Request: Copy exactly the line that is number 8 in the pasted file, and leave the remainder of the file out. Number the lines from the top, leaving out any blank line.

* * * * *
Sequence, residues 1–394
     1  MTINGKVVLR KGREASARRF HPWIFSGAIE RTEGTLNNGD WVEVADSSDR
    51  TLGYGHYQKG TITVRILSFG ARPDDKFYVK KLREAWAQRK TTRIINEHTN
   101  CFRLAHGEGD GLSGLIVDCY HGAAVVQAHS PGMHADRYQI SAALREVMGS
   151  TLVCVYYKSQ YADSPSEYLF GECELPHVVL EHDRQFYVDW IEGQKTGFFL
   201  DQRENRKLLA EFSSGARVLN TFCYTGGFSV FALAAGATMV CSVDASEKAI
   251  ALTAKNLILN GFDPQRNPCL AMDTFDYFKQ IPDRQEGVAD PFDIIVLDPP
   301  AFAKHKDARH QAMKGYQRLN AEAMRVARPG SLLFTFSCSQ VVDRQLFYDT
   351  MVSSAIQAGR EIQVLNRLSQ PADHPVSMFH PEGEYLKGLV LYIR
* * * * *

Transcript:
   301  AFAKHKDARH QAMKGYQRLN AEAMRVARPG SLLFTFSCSQ VVDRQLFYDT